Being at Rock Hills Ranch has put many other things on my mind besides my now-distant life and self from California, but I’ve been told that these are just the things that you, gentle readers, would like to hear about. I reluctantly comply, but add that I would much rather be learning about you, so feel free to contact me or recommend things that I experience. I’ll be interning at RHR until the end of August.
My furry traveling companion and I arrived in Lowry on August 1, having driven over 1,500 miles from San Diego. Ovid, who is named after a Roman poet on account of his scholarly whiskers, behaved mostly poetically on the journey (save for one incident involving a taco); but with hindsight I now see that he was conserving his occult powers for deployment on the ranch. While I was moved by the grandeur of the prairie and fantasies of what it would have been like to see it peopled with the diverse cultures that existed prior to the arrival of Europeans, Ovid was pumped to see Sturgis brewing before the big event. And so it is that progeny stray.
My own interest in the indigenous cultures of the Americas is probably related to my profession as an anthropologist. An anthropologist is a social scientist who studies humans: sometimes living, sometimes dead, sometimes aspects of their culture, behavior, or biology.
In my case, I’m a linguistic anthropologist, which means I study the communicative behavior of living people. I do my research in the state of Oaxaca in southern Mexico, among a group of people who speak an indigenous language called Zapotec, as well as Spanish. Zapotec was spoken in Mexico long before the Spaniards arrived, and is not related to or similar to Spanish.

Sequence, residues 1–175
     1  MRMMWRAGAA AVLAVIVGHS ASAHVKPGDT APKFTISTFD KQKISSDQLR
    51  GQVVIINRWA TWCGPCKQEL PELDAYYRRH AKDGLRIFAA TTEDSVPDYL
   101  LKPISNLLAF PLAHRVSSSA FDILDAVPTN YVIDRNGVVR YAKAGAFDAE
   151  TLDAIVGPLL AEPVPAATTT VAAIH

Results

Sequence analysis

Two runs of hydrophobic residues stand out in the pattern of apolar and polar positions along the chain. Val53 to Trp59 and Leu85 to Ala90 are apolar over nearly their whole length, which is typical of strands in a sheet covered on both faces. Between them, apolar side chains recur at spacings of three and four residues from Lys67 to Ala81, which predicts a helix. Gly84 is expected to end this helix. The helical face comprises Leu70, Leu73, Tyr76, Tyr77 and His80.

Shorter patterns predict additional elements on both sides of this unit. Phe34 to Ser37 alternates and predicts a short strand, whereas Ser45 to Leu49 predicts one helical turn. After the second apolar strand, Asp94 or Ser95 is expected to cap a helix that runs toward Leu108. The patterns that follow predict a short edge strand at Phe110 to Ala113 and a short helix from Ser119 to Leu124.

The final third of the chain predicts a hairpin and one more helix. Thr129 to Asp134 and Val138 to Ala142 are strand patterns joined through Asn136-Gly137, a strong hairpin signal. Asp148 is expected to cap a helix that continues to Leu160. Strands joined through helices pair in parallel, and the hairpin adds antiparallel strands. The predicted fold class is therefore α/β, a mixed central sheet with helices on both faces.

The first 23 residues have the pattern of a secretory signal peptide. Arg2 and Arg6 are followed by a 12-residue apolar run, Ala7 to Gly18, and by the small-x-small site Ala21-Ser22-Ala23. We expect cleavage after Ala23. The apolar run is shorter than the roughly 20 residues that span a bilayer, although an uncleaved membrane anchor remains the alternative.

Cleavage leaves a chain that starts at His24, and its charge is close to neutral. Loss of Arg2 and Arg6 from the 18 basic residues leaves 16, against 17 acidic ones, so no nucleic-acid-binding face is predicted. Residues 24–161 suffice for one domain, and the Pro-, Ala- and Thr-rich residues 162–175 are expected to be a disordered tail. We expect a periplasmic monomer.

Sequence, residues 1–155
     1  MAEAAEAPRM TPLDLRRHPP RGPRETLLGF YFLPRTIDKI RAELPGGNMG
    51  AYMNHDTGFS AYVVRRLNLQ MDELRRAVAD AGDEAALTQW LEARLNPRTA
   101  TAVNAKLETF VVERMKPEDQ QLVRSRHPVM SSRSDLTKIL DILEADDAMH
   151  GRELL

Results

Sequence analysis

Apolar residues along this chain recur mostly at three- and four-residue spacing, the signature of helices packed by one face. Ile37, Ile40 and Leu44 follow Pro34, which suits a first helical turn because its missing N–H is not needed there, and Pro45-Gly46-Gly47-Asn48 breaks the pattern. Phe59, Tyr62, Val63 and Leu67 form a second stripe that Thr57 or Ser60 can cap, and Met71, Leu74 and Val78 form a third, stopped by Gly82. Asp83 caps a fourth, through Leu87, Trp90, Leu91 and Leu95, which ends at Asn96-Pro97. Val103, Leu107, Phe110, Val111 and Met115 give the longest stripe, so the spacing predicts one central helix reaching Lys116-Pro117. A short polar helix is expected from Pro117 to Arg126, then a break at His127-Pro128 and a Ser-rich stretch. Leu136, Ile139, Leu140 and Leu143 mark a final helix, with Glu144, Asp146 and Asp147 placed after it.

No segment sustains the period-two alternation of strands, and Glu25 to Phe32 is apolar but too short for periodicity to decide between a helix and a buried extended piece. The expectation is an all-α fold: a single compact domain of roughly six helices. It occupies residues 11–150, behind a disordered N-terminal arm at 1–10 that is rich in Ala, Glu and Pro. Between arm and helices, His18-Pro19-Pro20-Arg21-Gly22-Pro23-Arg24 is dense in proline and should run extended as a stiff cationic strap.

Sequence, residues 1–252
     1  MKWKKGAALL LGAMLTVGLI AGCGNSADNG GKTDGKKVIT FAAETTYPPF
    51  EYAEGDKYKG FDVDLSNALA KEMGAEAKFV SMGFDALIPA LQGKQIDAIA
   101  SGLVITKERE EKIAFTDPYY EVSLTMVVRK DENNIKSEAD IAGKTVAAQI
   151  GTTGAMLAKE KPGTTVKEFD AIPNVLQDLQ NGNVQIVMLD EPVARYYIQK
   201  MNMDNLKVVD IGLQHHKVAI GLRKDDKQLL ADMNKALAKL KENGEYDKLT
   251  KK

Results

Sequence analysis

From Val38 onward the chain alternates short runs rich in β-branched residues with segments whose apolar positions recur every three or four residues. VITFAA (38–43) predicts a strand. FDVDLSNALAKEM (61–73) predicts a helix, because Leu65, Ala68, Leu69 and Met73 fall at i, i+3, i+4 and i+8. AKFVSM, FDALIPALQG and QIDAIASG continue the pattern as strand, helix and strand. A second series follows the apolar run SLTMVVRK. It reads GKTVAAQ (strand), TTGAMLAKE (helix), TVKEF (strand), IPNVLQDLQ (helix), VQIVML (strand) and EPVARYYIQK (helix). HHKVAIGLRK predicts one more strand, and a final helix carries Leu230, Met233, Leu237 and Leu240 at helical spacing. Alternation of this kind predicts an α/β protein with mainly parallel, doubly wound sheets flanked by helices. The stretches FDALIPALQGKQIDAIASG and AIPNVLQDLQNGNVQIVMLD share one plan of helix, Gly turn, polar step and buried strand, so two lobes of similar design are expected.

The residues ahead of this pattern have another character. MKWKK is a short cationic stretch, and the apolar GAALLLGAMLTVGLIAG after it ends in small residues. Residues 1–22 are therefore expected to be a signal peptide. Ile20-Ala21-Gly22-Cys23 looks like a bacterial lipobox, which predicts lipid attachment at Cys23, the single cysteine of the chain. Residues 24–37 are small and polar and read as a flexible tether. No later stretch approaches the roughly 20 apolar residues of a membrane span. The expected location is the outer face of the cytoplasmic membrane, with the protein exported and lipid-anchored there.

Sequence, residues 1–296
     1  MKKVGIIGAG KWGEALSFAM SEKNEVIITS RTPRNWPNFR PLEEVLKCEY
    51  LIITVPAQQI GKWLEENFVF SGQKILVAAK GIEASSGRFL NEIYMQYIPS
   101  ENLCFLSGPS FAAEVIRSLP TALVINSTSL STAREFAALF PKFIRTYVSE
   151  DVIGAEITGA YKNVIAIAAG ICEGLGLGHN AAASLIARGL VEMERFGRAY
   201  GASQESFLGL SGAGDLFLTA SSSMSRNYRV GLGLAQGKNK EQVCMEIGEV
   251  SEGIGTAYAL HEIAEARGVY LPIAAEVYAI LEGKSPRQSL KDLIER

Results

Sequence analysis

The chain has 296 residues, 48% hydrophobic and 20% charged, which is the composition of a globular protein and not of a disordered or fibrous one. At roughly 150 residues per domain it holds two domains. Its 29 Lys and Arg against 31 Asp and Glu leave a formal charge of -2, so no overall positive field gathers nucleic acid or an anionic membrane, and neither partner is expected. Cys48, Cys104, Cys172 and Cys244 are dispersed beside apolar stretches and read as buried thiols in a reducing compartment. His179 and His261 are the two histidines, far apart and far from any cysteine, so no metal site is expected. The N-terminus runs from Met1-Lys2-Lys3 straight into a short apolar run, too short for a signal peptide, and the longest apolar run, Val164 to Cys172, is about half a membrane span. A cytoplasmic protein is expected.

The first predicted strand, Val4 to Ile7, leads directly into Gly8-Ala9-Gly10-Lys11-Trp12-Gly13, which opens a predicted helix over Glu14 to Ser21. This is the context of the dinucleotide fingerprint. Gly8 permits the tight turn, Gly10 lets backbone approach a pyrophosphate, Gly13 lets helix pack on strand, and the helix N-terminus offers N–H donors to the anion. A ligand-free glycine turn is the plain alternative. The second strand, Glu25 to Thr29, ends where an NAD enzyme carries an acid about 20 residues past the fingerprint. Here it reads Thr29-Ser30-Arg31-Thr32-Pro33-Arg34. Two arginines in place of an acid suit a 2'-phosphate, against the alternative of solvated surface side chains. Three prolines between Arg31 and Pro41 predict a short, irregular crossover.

My research focuses on how bilinguals conceptualize and talk about space, and on how bilingual children acquire spatial concepts in two very different languages. I have spent a total of 30 months living with Zapotec speakers in Oaxaca, gathering video recordings of people communicating in both languages. Although my research topic is specialized, I also teach more general anthropology, linguistics, and writing classes to undergraduate students at the University of California, San Diego, where I am currently in the homestretch of my Ph.D. program. Perhaps in my next post I will say more about my research and how I ended up here in Lowry, but now on to more pressing matters.
Because I have spent time in the Oaxacan countryside, I know at least a couple of things about small towns, and thus would like to issue the following official statement: anyone whoso finds themselves inclined to matchmaking is hereby warned that in addition to being over 30, I can survive scarcely a year without international travel, and my cooking is intolerably spicy.